Founded in 1870, just five years after the University of Kentucky, what is now the UK College of Pharmacy began as the Louisville College of Pharmacy, an independent institution modeled after the Philadelphia College of Pharmacy.
It wasn't until July 1, 1946, that the College of Pharmacy officially became part of the University of Kentucky. Even after the affiliation was made with the University, it would be more than a decade before physically moving faculty, staff and students to Lexington.
In the summer of 1957, students and faculty moved the college -- literally -- box by box in their personal vehicles from Louisville to the Lexington campus. The move was made into the newly constructed building later named for then-dean Earle P. Slone and located on Washington Avenue at Gladstone Avenue. Today, the Slone Research Building is home to offices and labs of Earth and Environmental Sciences in the UK College of Arts and Sciences.
After becoming part of the University of Kentucky’s campus, the College of Pharmacy flourished in milestones and achievements that have led to it becoming renowned in pharmacy and graduate pharmaceutical science education. The path was paved for the college's current programs which are consistently ranked among the top five in the U.S.
The graduate program in pharmaceutical sciences was developed in the late 1960s by former dean, scientist and pharmacy education pioneer Joseph V. Swintosky, who was dean from 1967 to 1987. Along with developing the Ph.D. program, Swintosky also added the Doctor of Pharmacy (PharmD) making UK one of the first schools outside of California to offer the degree which is now the standard academic degree held by pharmacists in the U.S.
Throughout the 1970s, the college’s enrollment and programs continued to steadily grow. By 1980, the college had expanded beyond the capacity of the Slone Building and had faculty and programs in six different buildings on campus. In 1985, the move was made to what was then the “new” college of pharmacy building on Rose Street adjacent to the College of Nursing.
For 25 years, a generation of pharmacists and pharmaceutical scientists were educated and trained in the Rose Street building. It is where many accolades were received and where many of today's current practicing community pharmacists in Kentucky were educated.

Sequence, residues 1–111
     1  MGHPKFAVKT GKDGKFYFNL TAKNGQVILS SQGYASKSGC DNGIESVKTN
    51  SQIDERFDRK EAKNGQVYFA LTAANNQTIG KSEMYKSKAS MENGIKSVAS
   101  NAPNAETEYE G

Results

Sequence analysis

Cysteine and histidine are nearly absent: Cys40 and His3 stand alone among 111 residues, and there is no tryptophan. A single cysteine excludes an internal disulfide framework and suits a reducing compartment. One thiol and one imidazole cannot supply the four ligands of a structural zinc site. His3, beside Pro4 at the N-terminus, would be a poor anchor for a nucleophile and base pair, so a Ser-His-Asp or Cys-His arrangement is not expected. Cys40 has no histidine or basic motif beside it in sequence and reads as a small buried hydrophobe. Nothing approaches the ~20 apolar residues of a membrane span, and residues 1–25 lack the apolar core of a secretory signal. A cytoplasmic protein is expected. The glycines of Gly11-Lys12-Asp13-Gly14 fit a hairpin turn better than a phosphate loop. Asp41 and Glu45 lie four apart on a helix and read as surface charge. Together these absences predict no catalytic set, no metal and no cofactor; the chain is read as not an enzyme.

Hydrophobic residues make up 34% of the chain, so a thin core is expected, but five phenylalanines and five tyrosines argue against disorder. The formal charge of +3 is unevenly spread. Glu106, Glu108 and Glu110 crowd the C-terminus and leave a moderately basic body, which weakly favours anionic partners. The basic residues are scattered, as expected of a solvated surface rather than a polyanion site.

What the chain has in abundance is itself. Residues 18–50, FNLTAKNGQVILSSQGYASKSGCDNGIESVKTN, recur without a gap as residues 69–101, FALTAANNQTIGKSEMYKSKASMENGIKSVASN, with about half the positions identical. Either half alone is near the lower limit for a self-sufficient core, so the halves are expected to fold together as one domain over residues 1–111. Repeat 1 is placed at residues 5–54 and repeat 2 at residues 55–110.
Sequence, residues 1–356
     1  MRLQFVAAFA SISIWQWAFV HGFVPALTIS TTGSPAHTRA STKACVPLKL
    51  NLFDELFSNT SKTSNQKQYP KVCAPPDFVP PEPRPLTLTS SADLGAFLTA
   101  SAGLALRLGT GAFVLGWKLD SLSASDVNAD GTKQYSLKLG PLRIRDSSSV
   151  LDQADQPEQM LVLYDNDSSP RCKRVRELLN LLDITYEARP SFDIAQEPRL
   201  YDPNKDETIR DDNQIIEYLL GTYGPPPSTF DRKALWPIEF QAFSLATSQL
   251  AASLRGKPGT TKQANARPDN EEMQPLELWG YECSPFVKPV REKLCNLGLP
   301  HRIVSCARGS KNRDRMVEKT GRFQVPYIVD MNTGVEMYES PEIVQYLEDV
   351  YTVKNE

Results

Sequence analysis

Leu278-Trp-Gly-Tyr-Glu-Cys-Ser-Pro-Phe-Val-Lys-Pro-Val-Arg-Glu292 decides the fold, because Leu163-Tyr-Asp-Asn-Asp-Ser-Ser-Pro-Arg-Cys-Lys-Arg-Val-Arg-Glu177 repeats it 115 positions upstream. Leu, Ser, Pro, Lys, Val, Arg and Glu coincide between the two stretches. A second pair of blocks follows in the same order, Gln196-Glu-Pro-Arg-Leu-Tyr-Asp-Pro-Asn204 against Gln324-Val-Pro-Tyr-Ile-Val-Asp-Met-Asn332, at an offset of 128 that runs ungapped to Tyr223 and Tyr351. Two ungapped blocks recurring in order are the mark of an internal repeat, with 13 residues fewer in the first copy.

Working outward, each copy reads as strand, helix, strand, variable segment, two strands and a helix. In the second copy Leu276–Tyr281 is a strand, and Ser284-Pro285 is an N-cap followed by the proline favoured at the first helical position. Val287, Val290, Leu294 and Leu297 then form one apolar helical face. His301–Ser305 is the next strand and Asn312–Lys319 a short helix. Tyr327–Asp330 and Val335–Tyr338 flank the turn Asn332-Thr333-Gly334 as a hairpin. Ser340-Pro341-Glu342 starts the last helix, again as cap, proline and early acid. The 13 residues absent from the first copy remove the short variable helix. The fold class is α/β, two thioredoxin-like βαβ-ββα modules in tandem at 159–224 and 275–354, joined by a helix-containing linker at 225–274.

Among the achievements during this time were having three UK students elected as national president of the American Pharmacists Association (APhA) Academy of Students; the college’s chapter of APhA was named national Chapter of the Year in 2005; and UK pharmacy students consistently had the highest first-time pass rates in the nation on the NAPLEX national pharmacy licensing exam.
It was also during the late 1980s and throughout the 1990s that pharmacists began to move from behind the wall of the drugstore counter to a more interactive patient care set-up that is more common today.
Melody Ryan graduated from the college with a B.S. in 1992 and a Pharm.D. in 1993. She returned to the college as a faculty member after completing a pharmacy practice residency at Duke University in 1994 and a neurosciences fellowship at UK in 1995. Currently, she is professor and vice chair of the Department of Pharmacy Practice.
"I think I have a unique perspective because I’m both an alumni and a faculty member of the College of Pharmacy. Of course, it is the people and time together with them that make the best memories – whether they were my classmates, my colleagues, or my students," said Ryan who is also director for International Professional Student Education. "However, watching the first class I taught at the beginning of the all-Pharm.D. curriculum in 1995 graduate is one of my best memories. It was as though we grew up together."
Today's college of pharmacy looks much different than in the past -- not only from those early years in Louisville before the turn of the 20th century -- but even quite different than a generation ago. Like many areas in the health care field, the pharmacy profession, as well as pharmacy education is ever-changing.
The college has had a very competitive admissions process for the doctor of pharmacy (PharmD) program for the past couple of decades and currently admits a class of 140 students annually in the four-year professional program. As the pharmacy profession expands in scope and increasingly focuses on providing direct patient care, pharmacy education leaders are working to find the balance of information that should be included in the college curriculum.